Tapped Out: Battling Giants for a Thirsty America

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In Garden City, Kan., 13 men control groundwater across five million acres, overseeing farmland vital for corn, wheat, and sorghum.

Groundwater Management District 3, elected by a small group of large landowners, manages 16.2 trillion gallons since 1996.

A staggering fact: only 12,000 people can vote, leaving out many like Walmart cashiers, teachers, and hospital workers.

Despite an alarming decline in the aquifer, the board hasn't slowed down pumping, raising concerns about the region's future.

From Maryland to Hawaii, groundwater levels are plummeting due to overpumping, underregulation, and exacerbated by climate change.

Lindsay Vaughn, a Kansas state lawmaker, warns of a looming water crisis and advocates for change to avoid dire consequences.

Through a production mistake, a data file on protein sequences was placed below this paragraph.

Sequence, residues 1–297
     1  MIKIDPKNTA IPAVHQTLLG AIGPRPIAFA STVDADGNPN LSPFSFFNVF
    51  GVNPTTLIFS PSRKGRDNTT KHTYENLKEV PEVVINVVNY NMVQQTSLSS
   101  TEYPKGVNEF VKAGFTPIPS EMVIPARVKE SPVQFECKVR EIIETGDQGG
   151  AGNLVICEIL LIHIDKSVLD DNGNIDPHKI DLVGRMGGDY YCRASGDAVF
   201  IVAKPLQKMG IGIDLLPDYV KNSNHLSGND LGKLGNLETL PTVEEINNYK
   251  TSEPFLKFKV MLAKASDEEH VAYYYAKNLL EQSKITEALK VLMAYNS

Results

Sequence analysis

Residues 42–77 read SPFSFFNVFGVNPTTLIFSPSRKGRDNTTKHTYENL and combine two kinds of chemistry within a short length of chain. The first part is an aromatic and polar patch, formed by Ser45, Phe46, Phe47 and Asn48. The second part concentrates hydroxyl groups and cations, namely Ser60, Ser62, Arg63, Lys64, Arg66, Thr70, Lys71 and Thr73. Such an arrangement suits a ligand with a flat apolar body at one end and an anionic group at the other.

Agribusinesses and big landowners resist, arguing that reducing groundwater access threatens local economies and their bottom lines.

The New York Times investigation uncovers clashes between those favoring large-scale groundwater pumping and those anticipating catastrophe.

In Nevada, Barrick Gold, a major water consumer, exerts influence, contributing $1.7 million in political donations since 1994.

Proposed legislation aiming to regulate water use faces opposition, revealing the complex interplay between industry interests and conservation.

Montana faces a similar struggle, with powerful landowners like the Galts planning developments despite water scarcity, challenging the status quo.

The narrative extends to Kansas, where the struggle intensifies between those with immense groundwater control and advocates pushing for change.

The final revelation: With groundwater depleting across the nation, the federal government's intervention becomes imperative, challenging the status quo.